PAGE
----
3 clinical and pathological phases of ARDS
- lasts 3-5 days
- severe defect in oxygenations
- ¯ lung compliance
- bilateral pulmonary infiltrates
- endothelial and epithelial cell injury ̃
permeability of endothelial and epithelial
accumulation of protein-rich oedema fluid in interstitium and air spaces.
Contains RBCs, WBCs and hyaline membranes.
- abnormal surfactant/inactivation of surfactant
- neutrophil sequestration and migration in lung are histological hallmarks of
ARDS. Result from both chemotactic stimuli released within lung and activation
of neutrophils by circulating mediators
- followed either by recovery or progression to sub-acute phase
- starts 5-7 days after onset
- increased alveolar dead space
- persistently decreased lung compliance
- persistent oxygenation defect
- CXR: persistent, largely unchanging bilateral infiltrates
- Histology: interstitial fibrosis with proliferation of alveolar type II
cells. Obstruction and destruction of portions of microcirculation of lung.
- Followed by recovery or progression to chronic phase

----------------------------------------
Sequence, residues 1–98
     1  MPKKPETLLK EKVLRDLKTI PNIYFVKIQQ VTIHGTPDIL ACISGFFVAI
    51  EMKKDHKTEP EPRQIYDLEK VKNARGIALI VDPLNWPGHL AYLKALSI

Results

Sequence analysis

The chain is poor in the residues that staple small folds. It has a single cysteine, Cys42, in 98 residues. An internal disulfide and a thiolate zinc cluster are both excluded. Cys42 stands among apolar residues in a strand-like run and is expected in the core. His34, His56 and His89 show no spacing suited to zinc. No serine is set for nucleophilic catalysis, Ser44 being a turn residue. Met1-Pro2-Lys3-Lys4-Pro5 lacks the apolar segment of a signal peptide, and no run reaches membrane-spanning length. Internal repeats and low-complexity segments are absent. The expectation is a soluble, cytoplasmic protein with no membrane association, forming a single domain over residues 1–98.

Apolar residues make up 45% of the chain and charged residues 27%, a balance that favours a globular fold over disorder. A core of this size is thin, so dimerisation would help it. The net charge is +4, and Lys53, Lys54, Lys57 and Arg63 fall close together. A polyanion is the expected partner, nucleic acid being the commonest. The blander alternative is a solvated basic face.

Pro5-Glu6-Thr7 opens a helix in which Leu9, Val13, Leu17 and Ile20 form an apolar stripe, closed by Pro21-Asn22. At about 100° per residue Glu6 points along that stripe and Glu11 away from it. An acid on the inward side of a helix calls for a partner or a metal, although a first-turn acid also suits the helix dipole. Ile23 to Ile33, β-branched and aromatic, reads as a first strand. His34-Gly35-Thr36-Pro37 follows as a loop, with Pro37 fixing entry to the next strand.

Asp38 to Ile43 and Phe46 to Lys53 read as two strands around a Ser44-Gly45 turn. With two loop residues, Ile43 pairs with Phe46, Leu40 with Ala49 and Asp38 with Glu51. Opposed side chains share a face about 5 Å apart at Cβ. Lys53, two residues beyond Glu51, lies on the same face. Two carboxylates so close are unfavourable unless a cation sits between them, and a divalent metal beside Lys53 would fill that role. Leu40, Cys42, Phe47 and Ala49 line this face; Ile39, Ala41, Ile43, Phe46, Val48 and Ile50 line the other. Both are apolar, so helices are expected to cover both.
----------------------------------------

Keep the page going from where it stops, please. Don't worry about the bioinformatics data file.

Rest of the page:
- After 14 days there is a gradual transition to chronic phase
- Persistent low compliance
- Markedly increased VD/VT (>0.6)
- Extensive pulmonary fibrosis with obliteration of normal alveolar
architecture and progressive development of emphysematous regions of lung
including development of discrete bullae.
Pulmonary vascular changes
- early in ARDS pulmonary vasoconstriction, thromboembolism and interstitial
oedema, all of which are potentially reversible, can increase pulmonary vascular
resistance resulting in increased pulmonary artery pressure
- after several weeks, more permanent structural changes, such as fibrous
obliteration of the microcirculation and increased arterial muscularization,
contribute to pulmonary hypertension.